The rest of the Bob-Whites filed off the bus, leaving Tad feeling like he’d been pummeled.  Great.  And the day hasn’t even begun.

Meanwhile, Trixie had flown off the bus in a rage.  As soon as she saw Chris, she made a beeline for him.  He smiled a warm greeting, until he saw the look on her face.

His smile faded as she stormed up to him.  “What’s wrong, Blue Eyes?”

“Don’t you dare ‘Blue Eyes’ me!” she fumed.  “And don’t tell my friends to ‘stay the hell away from your girlfriend,’ either!”

A look of understanding crossed Chris’ face.  “I see Tad’s been busy this morning,” he grumbled.

Trixie stood toe-to-toe with him, craning her neck to stare furiously up at his face.  “Do you deny saying that?”

Chris stared down at her.  A detached part of his mind registered how comical she must look to others, trying to ‘stare down’ the basketball star, who was almost a foot-and-a-half taller.  The more focused part of his mind was a little intimidated by the little raging ball of fury.  Seeing her temper in action for the first time, he realized how bad it would be for him if Trixie ever caught him lying to her.  All thoughts of denying the accusation fled.

He admitted with resignation, “Yes, I said it.”

She paused.  Okay, he gets points for admitting it.  And he called me his girlfriend!  A little thrill shot through her.  HOWEVER

Giving Chris the same narrow-eyed, gritted teeth look she had used on Tad earlier, Trixie spoke deliberately.  “Then don’t blame Tad for the very large foot you put in your own mouth.  I pick my own friends.  I decide with whom I spend how much time.  I am no one’s property.  You don’t own me.  Do I make myself clear?”

Chris nodded.  “Crystal,” he said shortly.

Letting go of some of her anger, she continued.  “I am also only 15 years old.  My father is barely able to tolerate me dating.  ‘Going steady’ and getting serious are well beyond the boundaries.”

Mart had gotten close enough to hear the last comment.  His eyebrows shot to his forehead.  He knew full well that Trixie had never had any such conversation with Dad.  Pulling out the ‘Protective Father’ card to create your own safety zone?  Impressive, Little Sister.  Maybe you can hold your own.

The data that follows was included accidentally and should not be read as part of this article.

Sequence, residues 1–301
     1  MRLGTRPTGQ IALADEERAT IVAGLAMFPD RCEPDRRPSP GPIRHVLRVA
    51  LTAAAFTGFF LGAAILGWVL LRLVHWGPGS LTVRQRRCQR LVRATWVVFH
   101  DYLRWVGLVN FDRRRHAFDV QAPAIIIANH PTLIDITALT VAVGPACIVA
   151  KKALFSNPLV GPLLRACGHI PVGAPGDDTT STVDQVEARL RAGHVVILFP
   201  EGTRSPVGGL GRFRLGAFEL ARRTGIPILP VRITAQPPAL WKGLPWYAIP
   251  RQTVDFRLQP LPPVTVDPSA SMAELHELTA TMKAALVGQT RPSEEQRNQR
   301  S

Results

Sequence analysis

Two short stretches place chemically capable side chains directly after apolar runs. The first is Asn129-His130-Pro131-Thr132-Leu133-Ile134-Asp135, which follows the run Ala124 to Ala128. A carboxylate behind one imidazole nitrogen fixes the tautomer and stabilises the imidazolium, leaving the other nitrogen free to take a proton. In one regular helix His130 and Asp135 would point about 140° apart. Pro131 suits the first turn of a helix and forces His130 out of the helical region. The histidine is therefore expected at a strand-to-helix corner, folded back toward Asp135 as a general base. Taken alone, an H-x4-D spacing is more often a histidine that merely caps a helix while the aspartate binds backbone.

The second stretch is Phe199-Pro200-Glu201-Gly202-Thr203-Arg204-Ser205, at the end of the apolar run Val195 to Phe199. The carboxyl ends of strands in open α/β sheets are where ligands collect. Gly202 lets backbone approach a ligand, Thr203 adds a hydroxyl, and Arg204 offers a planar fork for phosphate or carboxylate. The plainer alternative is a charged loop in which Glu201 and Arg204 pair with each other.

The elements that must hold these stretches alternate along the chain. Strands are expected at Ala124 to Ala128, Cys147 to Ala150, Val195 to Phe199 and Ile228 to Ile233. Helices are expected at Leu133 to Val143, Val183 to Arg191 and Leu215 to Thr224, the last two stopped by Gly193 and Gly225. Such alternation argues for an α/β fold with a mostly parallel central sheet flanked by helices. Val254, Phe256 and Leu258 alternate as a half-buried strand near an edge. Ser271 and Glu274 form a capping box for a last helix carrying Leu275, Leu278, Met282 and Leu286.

Chris narrowed his eyes.  “So you’re saying I need to back off and tolerate Tad or just walk away now?”

“Basically.”  Trixie’s voice was still strong and steady, but she was a quivering mass on the inside.  Giving him an ultimatum like that was not necessarily the brightest move, and she had no idea how he was going to react.

Mart looked up and caught Beth Fleming staring at Chris and Trixie with obvious glee.  He quickly changed the focus of his attention.

Chris was fuming.  A part of his mind was screaming, Just walk away!  You don’t need this crap.  You could have any girl in the school!  But, as he once again got pulled into the depths of the most beautiful blue eyes he’d ever seen, Chris realized he didn’t want any girl in the school.  He only wanted her.

He sighed.  “I really hate this idea.”  His face softened, and he gently trailed a finger along her cheek.  “But I think you’re worth it.”

The blue eyes widened in surprise, and she caught her breath.  The last shreds of anger disappeared, and a delicious warmth flooded her.  She smiled shyly.  “Really?”

He smiled.  Running his hand through her curls, he answered, “Really.”

Chris stepped back a few paces and sat on the stone pillar at the bottom of the nearest set of steps to the school building.  This particular pillar was the perfect height for him; sitting there, with Trixie standing right in front of him, he could face her eye-to-eye.  He pulled her to him.  As she lost herself in his clear gray eyes, he wrapped his arms around her.  She was smiling now, and he felt like everything was going to be okay.

“I’ve changed my mind,” he whispered.  “I know you’re worth it.”  He claimed her lips in a soft, gentle kiss.

Beth Fleming’s eyes blazed fire and fury.  She turned and stormed away.  Mart quietly followed her.

Beth reached her locker, slamming the door opened and muttering comments about “that little Belden slut” and grumbling, “She’s gonna pay for this.”

Mart walked up and casually leaned against the locker next to hers.  “Problem, Beth?”

She glared at him.  Sneering, she warned him, “Belden, if you know what’s good for you, you’ll stay the hell away from me right now.”

Mart gave her a cool once-over.  “And if I said I was planning on following you around like a lost puppy?”

“I’d scream ‘rape’,” Beth said bluntly, a cold and vicious glint in her light brown eyes.

One eyebrow raised, Mart asked, “So, that’s how you handle things?  Lying, cheating, and damaging other people’s reputations.  Thanks for confirming my suspicions.”

Beth slammed her locker shut.  “Don’t mess with me, Belden.  You don’t want to get in over your head.”

Mart flashed his most charming smile and leaned in close.  “I could offer you the same advice.  If you mess with my sister, you’ll be surprised at how much trouble will come your way.”

Without waiting to see her reaction, Mart casually sauntered down the hallway toward his own locker.